A reinforced El Niño bringing dry weather to Australia


A strong El Niño continues to persist in the tropical Pacific Ocean, Australian Bureau of Meteorology (BOM) reported on October 7, 2015. At the same time an emerging positive Indian Ocean Dipole (IOD) is contributing to strengthening the phenomenon, causing a significant shift towards a drier than average October across Australia.

An El Niño phenomenon generally causes a below-average winter-spring rainfall over the eastern half of Australia, and is responsible for a nation wide drought in the period of its activity.

YouTube video

Video credit: BOM

September 2015 was the third driest month recorded in Australia, so far. Rainfall amounts have been extremely low in the last 12 months in the southwest of Western Australia, southeast South Australia and throughout Victoria, according to BOM. 

El Niño event is expected to peak by the end of 2015, and then start to weaken in the beginning of 2016, according to the climate models.

Usually, an IOD event starts to decrease its impact in November, as the monsoon trough shifts south over the IOD region, changing the wind patterns.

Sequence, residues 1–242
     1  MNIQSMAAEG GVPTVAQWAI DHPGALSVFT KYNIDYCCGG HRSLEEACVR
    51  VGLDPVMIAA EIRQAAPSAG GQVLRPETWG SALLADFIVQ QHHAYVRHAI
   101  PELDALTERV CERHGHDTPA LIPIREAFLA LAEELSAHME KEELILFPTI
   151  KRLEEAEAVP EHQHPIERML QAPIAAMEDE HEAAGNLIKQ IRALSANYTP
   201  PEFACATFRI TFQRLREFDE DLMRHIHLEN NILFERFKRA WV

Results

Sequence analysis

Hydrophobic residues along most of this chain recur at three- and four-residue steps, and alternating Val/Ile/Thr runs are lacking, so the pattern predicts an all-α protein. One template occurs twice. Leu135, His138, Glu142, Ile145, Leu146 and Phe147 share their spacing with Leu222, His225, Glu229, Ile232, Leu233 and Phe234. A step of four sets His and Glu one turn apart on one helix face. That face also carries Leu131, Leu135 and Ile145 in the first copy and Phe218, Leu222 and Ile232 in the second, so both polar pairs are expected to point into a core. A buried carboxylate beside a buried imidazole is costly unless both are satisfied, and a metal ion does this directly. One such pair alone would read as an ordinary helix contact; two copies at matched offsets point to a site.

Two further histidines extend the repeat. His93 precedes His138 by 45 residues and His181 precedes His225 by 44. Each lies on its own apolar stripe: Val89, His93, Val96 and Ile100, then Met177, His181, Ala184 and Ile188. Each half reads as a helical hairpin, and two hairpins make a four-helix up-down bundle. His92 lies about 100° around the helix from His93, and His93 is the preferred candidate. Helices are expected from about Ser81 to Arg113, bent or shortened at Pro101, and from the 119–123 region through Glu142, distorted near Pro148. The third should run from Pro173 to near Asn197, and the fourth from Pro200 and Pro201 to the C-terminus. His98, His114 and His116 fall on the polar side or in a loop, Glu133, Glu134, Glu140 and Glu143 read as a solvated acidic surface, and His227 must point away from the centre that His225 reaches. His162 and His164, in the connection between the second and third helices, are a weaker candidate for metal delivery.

The chances of above median rainfall in Australia between October and December 2015. Image credit: BOM

Up until now, the El Niño combined with higher than usual sea surface temperatures (SSTs) in the Indian Ocean was increasing the chances of above-average rainfall season for Western Australia, South Australia and central Australia. However, IOD values have become positive, with September 2015 values being the highest on record since 2006, which has strongly reinforced the El Niño signal.

Such a combination of meteorological patterns will most likely contribute to a drier than usual month of October across Australia. Climate models predict a less than 20% chances of exceeding median rainfall for the month of October, which means the chances of Australian region for getting a drier than usual month are greater than 80%.

Chances of above median maximum temperature in Australia between October and December 2015. Image credit: BOM

At the same time, this suggests high chances of warmer days and nights south of the tropics. Overall, the period between October and December will most probably be drier than on average across the southeast and northeast, with parts of central Australia experiencing wetter than usual conditions. Warmer days and nights are likely across Australia, apart from the region of the northern tropics.

Featured image: Drier than usual October month predicted for Australia. Image credit: BOM.


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